online version, which has the advantage of some moving pictures, in both senses. But the print magazine itself has its own visual splendors, and thoughtful articles and reporting to savor. It's a keeper.
It clarifies the crucial questions and what answers there are. There are maps and charts and so on, but the photos of people in places makes it real, for it is the ultimate story of humanity in the natural world. Robert Kunzig's opening essay, "This could be the turning point," sets the stage for Paris.
Meanwhile, as the Paris climate talks approach, the dialogue gets more specific. The UN issued an assessment on levels of carbon reduction pledged by nations so far, and found (in the words of the Washington Post): "And the upshot is both that countries have raised their climate ambitions greatly, but also that even by 2025 or 2030, global emissions are expected to still be rising despite their best efforts."
More to the point, these pledges are unlikely to result in staying below the 2C limit. As the story points out, all this is based on assumptions that could be off, but by the usual measurements, the global temp will rise to 2.7C, at best. The good news is that the rate of growth will drop (and in fact is dropping.) Nobody really knows where the tipping point might be for runaway global heating--it might even be below 2C, or above it. But that's the announced goal.
A day later, Eric Holtshaus at Slate opined that the pledges meant that: While most close climate watchers—myself included—have bemoaned the fact that the 2-degree goal is probably no longer possible, there’s a huge achievement on the horizon in Paris that’s clearly worth a victory dance: The nightmare worst-case scenario, in which the planet warms by 4.5 degrees or more, is now likely off the table." But the lesson he takes from this is dangerous in a way I will write about later.
So the UN says nations must try harder in Paris. The more positive spin, from the White House and some environmental groups, is that this is a good start:
“The foundation has been poured, but to build from this the Paris agreement must deliver transparency and accountability against these pledges, and ensure that countries accelerate their ambition over time,” added the Nature Conservancy’s director of international government relations Andrew Deutz in reaction to the new report.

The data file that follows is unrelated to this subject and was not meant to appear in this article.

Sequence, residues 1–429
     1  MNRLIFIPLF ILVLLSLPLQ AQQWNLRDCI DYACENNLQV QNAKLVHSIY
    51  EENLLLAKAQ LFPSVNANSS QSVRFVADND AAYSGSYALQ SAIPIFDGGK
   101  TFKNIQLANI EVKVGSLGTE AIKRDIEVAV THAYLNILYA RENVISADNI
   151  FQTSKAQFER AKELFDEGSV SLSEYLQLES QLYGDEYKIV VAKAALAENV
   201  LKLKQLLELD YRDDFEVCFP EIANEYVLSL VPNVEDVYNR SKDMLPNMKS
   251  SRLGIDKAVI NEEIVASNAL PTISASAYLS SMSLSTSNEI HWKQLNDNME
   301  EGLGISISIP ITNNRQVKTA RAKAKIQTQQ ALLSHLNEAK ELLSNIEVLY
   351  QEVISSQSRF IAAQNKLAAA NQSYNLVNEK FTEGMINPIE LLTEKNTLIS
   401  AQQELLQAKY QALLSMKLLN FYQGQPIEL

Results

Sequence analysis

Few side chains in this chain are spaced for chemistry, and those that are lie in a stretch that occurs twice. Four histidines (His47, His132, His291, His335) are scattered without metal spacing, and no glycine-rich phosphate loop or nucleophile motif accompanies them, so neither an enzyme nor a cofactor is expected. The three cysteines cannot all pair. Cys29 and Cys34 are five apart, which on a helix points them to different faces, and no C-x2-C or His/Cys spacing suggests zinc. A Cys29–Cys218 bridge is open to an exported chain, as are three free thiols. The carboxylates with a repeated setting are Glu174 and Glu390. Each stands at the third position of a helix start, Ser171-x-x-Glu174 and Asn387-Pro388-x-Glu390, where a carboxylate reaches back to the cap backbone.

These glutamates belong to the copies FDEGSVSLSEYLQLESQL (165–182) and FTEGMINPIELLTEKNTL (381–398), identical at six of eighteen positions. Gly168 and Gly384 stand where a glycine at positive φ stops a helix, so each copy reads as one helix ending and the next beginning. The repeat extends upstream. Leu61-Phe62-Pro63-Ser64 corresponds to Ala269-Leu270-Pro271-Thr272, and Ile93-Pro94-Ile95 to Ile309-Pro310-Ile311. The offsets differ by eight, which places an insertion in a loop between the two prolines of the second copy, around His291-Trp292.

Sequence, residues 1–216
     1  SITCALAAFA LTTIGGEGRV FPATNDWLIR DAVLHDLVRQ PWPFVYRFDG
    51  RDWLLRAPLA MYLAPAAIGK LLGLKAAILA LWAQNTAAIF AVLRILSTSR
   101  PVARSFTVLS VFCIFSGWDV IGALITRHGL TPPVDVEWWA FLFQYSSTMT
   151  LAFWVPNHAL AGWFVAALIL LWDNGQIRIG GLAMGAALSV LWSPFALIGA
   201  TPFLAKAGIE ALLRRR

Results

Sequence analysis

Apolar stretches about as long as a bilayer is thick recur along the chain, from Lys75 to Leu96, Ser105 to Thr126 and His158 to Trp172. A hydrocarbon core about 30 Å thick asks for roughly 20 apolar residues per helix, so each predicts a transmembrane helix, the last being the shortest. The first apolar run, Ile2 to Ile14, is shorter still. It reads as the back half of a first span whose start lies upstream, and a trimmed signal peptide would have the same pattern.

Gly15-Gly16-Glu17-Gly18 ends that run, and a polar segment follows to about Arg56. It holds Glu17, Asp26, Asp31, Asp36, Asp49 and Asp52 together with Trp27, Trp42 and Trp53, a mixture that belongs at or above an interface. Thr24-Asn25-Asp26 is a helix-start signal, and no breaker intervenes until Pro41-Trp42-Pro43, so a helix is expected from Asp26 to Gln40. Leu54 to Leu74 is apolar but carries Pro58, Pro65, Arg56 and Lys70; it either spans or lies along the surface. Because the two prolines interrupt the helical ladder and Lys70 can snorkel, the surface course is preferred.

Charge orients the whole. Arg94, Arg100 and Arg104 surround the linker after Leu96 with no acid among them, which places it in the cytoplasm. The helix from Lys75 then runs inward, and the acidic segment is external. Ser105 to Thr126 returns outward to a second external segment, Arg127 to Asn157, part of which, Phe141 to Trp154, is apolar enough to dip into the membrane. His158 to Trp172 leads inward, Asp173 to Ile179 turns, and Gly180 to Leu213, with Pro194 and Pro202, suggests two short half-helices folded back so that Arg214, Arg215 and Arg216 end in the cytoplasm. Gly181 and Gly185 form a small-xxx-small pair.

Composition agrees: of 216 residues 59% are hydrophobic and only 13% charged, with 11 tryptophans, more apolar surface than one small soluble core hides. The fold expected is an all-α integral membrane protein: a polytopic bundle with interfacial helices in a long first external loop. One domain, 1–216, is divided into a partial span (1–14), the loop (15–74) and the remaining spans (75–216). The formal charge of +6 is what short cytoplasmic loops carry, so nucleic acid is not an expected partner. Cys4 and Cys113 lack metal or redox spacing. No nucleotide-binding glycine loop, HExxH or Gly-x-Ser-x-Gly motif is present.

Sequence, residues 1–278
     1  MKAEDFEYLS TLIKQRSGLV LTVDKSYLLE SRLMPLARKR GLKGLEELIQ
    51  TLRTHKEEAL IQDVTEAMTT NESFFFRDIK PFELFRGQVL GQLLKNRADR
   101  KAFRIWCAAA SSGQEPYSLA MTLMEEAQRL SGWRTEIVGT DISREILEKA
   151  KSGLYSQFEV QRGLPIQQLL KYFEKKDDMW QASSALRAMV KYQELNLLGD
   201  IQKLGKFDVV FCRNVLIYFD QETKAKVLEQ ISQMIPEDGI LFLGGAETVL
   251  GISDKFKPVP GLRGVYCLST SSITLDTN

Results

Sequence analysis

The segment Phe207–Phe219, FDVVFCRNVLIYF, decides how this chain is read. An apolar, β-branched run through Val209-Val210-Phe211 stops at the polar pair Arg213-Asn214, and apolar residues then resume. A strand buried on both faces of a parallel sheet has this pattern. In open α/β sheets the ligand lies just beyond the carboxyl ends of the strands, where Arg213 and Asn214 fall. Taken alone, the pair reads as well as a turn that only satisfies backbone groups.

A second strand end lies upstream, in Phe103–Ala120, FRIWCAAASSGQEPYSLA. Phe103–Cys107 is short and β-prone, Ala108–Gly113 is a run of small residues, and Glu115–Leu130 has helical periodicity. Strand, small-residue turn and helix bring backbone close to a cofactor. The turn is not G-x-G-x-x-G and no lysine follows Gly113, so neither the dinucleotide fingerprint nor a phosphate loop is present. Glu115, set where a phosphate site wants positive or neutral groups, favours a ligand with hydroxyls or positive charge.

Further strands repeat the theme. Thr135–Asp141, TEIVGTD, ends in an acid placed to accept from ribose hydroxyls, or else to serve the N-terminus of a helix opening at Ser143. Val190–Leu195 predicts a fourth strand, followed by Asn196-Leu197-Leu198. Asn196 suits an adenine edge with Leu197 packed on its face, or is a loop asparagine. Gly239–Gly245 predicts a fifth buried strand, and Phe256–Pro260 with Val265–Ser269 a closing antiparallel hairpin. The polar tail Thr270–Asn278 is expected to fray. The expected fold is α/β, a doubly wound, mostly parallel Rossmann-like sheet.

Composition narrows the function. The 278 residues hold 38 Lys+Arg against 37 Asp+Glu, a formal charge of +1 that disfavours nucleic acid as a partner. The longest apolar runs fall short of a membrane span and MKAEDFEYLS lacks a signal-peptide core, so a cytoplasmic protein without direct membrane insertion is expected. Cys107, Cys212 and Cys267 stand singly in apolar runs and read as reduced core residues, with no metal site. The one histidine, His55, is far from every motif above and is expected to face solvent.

Or, as Kunzig writes, "We don't have to be able to see the whole road ahead to a happy end--but we have to believe we can get there."
More generally, support for climate action seems to be solidifying. This Detroit column sums up the case pretty well. Activists are gearing up for a big climate march in Paris November 28, with other demos etc. around the world. After the Dalai Lama's statements on the climate crisis, an organization that goes beyond Buddhism in one country or region--the Global Buddhist Climate Collective--produced a declaration encouraging action signed by leaders of Buddhists everywhere.
Atlantic. (Though National Geographic seems more optimistic on the prospects for a clean energy future.) Progress and expansion in renewable energy is still ongoing, says this analysis, despite falling oil prices that might make staying with fossil fuels more attractive.
It is probably not a coincidence that oil prices fall when clean energy threatens to achieve a self-perpetuating growth. Oil companies are hardly above that kind of manipulation. Or apparently above attempting to intimidate journalists who report on Exxon's supression of its own climate crisis research, and paid millions to deny what they knew.
The latest desperate, cynical move in that industry comes from Canada, where builders of the Keystone pipeline suddenly requested that the State Department put off deciding whether to approve the pipeline in the US--perhaps (it seems obvious to many) long enough to allow the possibility of a Republican President who might approve it. Update: Nice try. President Obama announced he will make the Keystone pipeline decision before he leaves office, rejecting the request for suspension.
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